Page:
Here’s a screenshot of a story in the Washington Post which really brings out, in technicolor, the concern that American corporate media could be influenced if not controlled by China.
The story, which we won’t link to, is straight-up Chinese Communist Party propaganda. It’s anything but the first time the Washington Post has made itself a news organ for the CCP, and the New York Times is every bit as guilty.
Tomorrow morning, I’m due to appear on the Dan Proft radio show on 560 The Answer in Chicago to talk about a piece I wrote for The American Spectator last week about this subject entitled What Are We Allowed To Believe About China? – here’s an excerpt…
Are you allowed to believe that China exercises significant influence over America’s major media? Chinese investors and companies, all with ties to the Chinese Communist Party, hold relatively significant stock positions in all six of the media companies that control 90 percent of the television channels and film entertainment producers in America. We’ve seen the Chinese exert influence on various film and television productions — there’s a reason the Red Dawn remake, in a classic example, had the wholly implausible North Koreans as the invading bad guys. Is it so hard to believe something similar is at work with respect to news? We’ve already seen it in the case of Bloomberg.
What are you allowed to believe about China and what they’re doing? Nothing? Anything? Are you allowed to believe the Chinese are not standing idly by waiting to see if Trump gets reelected and finishes his project of draining our supply chain out of that country?
Because once you are allowed to believe the Chinese have motive, opportunity, and capability to do these things, you’ll find a mountain of evidence, though admittedly much is circumstantial, that they’re playing a lot larger role in our current woes than we give them credit for.
It’s long been known that China virtually controls Hollywood. Chinese investment dollars prop up the film industry and Chinese control over what movies are allowed on movie screens in that country mean very few big-budget movies they don’t like even get made.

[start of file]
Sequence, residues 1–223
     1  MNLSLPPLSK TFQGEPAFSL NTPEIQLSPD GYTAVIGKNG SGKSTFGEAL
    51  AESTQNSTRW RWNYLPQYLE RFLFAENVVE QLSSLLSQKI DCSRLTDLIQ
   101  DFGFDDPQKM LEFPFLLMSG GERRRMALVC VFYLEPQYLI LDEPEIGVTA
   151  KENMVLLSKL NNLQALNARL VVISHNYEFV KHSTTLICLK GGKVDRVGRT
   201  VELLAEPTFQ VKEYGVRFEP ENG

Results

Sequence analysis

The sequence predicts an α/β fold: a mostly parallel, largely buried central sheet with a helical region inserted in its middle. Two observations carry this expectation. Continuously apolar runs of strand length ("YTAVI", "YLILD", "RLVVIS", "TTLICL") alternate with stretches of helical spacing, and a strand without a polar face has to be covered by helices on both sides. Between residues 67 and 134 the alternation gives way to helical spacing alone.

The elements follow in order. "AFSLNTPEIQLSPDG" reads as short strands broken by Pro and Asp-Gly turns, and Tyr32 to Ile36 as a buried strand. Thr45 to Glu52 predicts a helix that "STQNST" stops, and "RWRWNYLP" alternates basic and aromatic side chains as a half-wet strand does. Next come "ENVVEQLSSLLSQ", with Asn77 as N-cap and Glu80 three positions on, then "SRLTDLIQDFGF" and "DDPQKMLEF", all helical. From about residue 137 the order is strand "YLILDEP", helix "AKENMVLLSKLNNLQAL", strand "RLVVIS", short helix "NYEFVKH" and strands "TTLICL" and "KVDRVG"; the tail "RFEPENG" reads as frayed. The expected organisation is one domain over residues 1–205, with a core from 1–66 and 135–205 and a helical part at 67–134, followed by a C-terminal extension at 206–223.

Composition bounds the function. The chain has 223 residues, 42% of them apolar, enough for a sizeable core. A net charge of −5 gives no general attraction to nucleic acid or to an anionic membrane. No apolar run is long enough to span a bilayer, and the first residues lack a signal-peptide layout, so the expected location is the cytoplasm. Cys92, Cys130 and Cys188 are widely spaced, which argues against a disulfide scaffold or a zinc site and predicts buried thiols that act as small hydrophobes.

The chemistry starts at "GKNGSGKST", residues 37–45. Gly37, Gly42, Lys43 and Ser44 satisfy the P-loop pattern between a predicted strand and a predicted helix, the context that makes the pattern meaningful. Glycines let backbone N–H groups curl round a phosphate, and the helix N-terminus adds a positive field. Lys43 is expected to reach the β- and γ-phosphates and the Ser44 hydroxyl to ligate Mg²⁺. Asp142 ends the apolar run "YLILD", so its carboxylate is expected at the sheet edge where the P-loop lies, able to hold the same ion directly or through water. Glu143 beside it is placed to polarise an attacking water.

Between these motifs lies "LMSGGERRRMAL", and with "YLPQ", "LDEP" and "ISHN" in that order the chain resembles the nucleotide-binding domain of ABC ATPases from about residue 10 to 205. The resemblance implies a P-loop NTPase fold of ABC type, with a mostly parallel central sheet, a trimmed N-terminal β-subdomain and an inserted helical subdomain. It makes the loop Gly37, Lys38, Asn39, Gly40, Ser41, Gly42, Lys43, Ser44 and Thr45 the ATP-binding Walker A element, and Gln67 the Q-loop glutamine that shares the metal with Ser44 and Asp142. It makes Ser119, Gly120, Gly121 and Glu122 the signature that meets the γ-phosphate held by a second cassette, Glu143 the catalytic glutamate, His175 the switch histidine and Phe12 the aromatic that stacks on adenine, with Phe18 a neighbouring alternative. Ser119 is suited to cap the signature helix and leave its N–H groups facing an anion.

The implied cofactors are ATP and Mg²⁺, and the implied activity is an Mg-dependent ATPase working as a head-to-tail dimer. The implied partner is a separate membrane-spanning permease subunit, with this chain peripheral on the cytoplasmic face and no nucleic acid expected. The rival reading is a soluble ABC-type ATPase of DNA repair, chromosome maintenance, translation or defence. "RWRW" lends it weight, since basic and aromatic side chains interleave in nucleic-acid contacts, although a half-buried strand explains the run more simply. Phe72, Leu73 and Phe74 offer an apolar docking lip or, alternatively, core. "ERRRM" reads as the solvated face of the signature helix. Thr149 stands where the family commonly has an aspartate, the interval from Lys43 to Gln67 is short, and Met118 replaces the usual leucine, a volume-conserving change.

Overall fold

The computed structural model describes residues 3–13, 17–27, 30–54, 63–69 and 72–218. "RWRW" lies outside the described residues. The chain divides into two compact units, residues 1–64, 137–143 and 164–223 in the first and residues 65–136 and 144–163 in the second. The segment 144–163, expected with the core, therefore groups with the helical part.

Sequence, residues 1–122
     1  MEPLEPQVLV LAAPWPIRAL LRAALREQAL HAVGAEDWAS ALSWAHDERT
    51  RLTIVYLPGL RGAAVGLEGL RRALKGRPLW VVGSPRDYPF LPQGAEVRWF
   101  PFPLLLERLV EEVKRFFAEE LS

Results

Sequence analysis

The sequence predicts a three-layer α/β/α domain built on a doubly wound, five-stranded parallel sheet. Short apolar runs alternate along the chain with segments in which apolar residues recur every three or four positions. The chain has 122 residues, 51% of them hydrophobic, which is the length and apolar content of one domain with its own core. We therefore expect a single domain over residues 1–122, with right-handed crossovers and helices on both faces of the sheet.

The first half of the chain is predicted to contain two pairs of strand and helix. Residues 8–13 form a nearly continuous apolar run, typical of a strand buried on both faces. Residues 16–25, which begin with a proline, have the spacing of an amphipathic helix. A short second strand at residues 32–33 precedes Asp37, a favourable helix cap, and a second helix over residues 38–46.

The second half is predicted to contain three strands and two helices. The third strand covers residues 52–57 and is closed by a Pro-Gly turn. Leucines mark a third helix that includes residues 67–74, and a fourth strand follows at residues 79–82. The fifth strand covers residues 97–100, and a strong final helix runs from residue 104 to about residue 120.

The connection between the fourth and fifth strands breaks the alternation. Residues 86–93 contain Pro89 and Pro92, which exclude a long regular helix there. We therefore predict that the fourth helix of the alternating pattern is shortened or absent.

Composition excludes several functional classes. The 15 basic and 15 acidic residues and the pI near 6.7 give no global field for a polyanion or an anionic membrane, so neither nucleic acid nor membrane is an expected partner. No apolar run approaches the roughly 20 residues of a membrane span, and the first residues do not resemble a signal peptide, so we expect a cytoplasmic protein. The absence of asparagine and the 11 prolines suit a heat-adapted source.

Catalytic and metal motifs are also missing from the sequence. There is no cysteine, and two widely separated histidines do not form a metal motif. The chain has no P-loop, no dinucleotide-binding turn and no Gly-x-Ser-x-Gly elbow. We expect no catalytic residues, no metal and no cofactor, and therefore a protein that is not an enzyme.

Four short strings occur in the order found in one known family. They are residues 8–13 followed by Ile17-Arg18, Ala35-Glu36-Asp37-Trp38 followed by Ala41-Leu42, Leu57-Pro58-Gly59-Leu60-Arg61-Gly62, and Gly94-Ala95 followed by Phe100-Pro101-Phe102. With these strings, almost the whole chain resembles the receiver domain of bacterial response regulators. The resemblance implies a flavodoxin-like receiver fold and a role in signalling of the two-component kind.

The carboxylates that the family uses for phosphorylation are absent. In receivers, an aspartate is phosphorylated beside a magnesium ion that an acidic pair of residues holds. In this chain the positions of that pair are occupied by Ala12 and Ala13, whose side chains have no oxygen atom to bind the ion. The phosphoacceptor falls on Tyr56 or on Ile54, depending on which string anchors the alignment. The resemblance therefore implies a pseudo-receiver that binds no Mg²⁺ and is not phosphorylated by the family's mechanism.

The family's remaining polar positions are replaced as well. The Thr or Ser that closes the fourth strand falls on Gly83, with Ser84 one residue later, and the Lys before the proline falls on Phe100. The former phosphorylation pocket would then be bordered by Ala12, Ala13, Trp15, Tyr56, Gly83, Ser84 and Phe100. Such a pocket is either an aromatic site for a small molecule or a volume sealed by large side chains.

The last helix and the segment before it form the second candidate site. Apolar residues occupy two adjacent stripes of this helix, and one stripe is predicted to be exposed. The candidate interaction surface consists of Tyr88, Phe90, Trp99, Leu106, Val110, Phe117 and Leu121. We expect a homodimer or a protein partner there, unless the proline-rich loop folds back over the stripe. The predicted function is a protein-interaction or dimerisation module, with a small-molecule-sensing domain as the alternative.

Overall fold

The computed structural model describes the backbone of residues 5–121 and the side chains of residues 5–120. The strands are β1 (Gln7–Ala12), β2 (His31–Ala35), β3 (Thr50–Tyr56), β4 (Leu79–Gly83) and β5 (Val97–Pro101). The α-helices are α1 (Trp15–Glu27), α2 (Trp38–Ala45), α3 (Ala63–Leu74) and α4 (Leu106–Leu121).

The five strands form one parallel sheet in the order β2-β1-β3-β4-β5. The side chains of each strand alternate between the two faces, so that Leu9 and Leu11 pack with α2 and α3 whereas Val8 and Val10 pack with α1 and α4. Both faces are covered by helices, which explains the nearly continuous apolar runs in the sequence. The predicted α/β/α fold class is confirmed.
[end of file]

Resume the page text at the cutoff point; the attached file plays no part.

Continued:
What about legacy media in the United States?
Can Chinese money control the New York Times? What about the Washington Post? The Post is owned by Jeff Bezos; if it weren’t for relationships with Chinese manufacturers able to undercut the competition with practically slave labor, Amazon would never have been able to become what it is.
Chinese stakes in corporations which own cable news outlets have already produced an effect on movies and TV shows. Would they not produce a similar effect at an MSNBC or CNN?
And are we allowed to ask about these things?
Is this a conspiratorial rabbit hole to go down? Of course it is. But by now it ought to be patently obvious that the Chinese operate that way. It’s standard communist operational procedure: remember the famous quote by Fred Thompson’s character in The Hunt For Red October? “A Russian doesn’t take a dump without a plan.” Pair that with Sun Tzu’s time-honored statement that all battles are won or lost before they’re even fought. Plotting and conspiracy were part of Chinese culture long before the communists took the place over; now, it’s practically all they do.
If you don’t see evidence China is playing a long game on us and executing influence operations across the board (why are so many university professors getting indicted for Chinese espionage?), you aren’t paying attention. Shouldn’t we ask whether that influence doesn’t make its way into the newsrooms?
Particularly when Red Chinese propaganda starts appearing on the front page.